Emerald Group Publishing Limited
Copyright © 2004, Emerald Group Publishing Limited
F.A Hayek is known best as an economist theorist, espousing a neoliberal free‐market approach, and as a libertarian political philosopher with strongly anti‐Marxist views. For those interested in documentation and the communication of information and knowledge, he is also one of the originators of the concept of “tacit” knowledge, and hence a founder, albeit unconscious, of the much‐hyped discipline of knowledge management.
This book focuses on Hayek's thought and intellectual evolution, providing a complement to the author's earlier account of Hayek's life (Ebenstein, 2001). It is, in the author's words “Impressionistic and philosophical”, where the earlier book was “expressionistic and historical”. It describes Hayek's conceptions and ideas, and their development, and the way in which his work was influenced by, and influenced, other scholars. Regrettably, from the viewpoint of information‐oriented reader, it does not bring the story up to date, showing how Hayek's ideas have – to an extent, but perhaps not so much as they should – influenced the development of knowledge management.
Ebenstein leaves us in no doubt as to his view that Hayek contributions are, first and foremost, knowledge‐related, telling us on the first page of his introduction that “Hayek had his greatest impact in the area of the division of knowledge”. The crucial first step in this, to which Ebenstein devotes a good deal discussion throughout the book, is Hayek's presidential address to the London Economic Club, on 10 November 1936. In a lecture entitled “Economics and Knowledge”, he argued that knowledge is divided – decentralised – through the minds of all humanity, and that such decentralised knowledge requires decentralised decision making. Economic systems which attempt to centralise decision‐making, on an assumption that perfect, or at least sufficient, knowledge is found in some central nexus, are bound to fail. Systems which build on the reality of decentralised knowledge are more likely to succeed.
Hayek later expanded this concept to build a broader picture of the importance of knowledge which is tacit, non‐verbal and unarticulated, and hence necessarily unrecorded. Legal, social and even institutions can store, embed and convey this form of knowledge. Much knowledge is not explicitly known to the individual. For Hayek, this underlies and dictates much of his economic thought; particularly the concept that prices and profits are essentially communicators of tacit information and knowledge. As Milton Friedman expressed it in his 1976 Nobel address, “A fundamental function of a price system, as Hayek emphasised so brilliantly, is to transmit, compactly, efficiently, and at low cost the information that economic agents need in order to decide what to produce and how to produce it”. It also underlies the idea that the entrepreneur, a role to which Hayek attached considerable importance, is, in essence, someone who can consistently make a profit, but who cannot say how they do it.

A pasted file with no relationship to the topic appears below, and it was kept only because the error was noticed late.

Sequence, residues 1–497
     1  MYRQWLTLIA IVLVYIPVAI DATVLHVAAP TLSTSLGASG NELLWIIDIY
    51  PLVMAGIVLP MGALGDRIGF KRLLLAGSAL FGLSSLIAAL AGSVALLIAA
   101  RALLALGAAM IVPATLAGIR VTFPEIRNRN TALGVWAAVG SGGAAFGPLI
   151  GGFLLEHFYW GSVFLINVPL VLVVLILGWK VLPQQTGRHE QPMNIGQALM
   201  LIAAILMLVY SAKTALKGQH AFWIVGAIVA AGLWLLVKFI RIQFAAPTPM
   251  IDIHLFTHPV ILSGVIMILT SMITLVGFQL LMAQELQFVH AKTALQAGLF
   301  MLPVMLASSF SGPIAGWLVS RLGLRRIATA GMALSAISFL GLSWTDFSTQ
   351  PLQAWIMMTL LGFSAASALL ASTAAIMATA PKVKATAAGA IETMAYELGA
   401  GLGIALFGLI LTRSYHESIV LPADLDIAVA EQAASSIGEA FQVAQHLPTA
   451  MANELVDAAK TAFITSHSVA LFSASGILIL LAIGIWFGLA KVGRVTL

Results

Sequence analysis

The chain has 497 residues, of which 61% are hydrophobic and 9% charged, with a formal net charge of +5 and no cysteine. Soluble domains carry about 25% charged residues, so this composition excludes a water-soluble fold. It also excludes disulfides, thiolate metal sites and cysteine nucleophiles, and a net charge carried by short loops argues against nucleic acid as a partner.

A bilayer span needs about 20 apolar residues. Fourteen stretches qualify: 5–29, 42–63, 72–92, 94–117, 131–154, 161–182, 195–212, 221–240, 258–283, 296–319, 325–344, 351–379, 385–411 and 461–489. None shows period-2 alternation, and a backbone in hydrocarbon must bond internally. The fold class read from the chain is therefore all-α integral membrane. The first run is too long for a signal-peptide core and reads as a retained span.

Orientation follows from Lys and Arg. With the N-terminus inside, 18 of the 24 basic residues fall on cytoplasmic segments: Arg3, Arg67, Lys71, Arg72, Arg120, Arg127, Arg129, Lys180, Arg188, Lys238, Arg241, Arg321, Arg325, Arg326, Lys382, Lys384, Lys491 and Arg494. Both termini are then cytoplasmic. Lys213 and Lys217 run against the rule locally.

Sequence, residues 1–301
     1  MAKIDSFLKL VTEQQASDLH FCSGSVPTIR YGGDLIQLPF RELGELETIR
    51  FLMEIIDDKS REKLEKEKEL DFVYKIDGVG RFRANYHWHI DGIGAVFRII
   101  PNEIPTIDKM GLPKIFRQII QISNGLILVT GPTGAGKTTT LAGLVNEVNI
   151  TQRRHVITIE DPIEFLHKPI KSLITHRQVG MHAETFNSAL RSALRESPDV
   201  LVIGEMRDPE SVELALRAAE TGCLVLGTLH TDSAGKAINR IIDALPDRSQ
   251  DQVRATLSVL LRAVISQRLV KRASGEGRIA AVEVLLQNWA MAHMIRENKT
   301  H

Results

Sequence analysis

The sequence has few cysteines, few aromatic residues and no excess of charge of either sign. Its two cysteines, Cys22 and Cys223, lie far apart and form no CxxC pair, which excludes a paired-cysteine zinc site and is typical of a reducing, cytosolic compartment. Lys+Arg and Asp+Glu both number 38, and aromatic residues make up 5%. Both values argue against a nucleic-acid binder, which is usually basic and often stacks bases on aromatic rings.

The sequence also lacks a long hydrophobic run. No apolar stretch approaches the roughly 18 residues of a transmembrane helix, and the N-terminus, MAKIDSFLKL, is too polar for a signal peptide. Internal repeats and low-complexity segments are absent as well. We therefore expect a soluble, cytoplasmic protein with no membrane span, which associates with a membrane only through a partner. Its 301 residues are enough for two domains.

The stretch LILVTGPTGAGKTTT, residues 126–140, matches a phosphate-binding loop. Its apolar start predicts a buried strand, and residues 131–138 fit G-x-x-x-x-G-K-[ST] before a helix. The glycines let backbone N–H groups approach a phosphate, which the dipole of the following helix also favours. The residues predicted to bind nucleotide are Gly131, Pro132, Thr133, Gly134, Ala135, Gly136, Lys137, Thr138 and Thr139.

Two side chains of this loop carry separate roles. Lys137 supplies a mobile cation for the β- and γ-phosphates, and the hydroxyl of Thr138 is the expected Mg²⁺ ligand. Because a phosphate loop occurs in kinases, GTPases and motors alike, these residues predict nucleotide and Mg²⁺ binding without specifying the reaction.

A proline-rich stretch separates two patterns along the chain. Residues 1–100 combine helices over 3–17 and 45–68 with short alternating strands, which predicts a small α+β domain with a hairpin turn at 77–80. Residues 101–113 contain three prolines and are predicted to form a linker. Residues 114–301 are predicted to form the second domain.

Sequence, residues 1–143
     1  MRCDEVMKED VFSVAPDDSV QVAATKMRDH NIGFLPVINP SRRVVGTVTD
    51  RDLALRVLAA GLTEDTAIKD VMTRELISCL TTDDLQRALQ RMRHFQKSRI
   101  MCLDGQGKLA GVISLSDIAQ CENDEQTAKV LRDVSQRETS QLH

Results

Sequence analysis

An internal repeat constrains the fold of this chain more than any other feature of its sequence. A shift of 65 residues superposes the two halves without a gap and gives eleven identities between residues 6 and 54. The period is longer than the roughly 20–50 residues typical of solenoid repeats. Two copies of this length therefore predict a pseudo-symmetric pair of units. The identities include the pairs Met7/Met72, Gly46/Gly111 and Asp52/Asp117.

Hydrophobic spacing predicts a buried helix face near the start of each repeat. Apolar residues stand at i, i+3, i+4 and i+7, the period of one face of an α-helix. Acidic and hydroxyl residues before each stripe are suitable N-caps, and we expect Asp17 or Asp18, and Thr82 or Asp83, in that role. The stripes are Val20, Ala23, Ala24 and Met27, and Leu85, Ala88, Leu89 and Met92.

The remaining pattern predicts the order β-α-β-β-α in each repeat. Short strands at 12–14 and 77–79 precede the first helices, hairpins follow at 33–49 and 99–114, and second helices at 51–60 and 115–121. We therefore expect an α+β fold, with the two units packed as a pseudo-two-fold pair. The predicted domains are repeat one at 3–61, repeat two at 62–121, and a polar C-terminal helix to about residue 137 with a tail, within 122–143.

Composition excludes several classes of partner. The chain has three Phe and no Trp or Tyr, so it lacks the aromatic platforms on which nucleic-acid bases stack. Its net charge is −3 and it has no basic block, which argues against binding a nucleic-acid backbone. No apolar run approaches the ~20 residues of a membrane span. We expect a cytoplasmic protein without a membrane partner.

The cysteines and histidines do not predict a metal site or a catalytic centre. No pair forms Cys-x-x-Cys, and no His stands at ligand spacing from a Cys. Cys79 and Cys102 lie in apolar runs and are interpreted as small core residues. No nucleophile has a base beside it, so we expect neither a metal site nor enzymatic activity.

His political views, also, were greatly influenced by this view of knowledge. Ebenstein interprets his statement that his philosophical studies should precede his political studies as meaning that in order to explain the political system which he favoured, it was necessary for him to explain his understanding of the transmission and communication of information and knowledge, particularly the kind of non‐verbal knowledge transmitted by institutions. He proposed to express all of this in a two‐part treatise, to be entitled “the Abuse and Decline of Knowledge”‘, but this was never completed.